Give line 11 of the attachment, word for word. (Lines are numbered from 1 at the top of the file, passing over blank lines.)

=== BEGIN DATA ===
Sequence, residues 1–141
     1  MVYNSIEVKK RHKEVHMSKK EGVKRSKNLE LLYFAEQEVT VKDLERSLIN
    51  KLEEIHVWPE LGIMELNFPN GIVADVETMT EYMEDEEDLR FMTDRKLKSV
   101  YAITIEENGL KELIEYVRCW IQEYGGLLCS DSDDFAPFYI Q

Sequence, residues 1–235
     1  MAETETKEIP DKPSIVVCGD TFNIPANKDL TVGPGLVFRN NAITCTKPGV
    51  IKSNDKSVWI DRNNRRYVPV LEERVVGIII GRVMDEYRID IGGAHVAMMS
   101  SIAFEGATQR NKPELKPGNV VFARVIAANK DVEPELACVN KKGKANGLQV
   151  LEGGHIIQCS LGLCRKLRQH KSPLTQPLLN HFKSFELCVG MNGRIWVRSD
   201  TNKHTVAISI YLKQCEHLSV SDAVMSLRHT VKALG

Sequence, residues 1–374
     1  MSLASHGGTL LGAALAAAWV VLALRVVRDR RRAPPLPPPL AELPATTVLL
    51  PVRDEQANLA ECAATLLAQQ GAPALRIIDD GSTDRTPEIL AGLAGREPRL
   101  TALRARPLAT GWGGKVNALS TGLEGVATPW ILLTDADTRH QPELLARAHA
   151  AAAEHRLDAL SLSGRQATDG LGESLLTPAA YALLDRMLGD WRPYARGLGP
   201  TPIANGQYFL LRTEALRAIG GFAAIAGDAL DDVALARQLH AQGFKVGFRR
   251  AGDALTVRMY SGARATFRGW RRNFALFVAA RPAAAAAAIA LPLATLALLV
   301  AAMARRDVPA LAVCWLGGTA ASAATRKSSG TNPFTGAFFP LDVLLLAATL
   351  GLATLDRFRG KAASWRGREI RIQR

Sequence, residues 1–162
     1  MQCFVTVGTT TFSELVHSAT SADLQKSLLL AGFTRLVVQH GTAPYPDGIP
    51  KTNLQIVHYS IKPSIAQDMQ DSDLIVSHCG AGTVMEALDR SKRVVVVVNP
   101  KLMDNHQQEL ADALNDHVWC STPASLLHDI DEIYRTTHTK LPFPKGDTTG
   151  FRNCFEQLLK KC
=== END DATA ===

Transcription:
Sequence, residues 1–374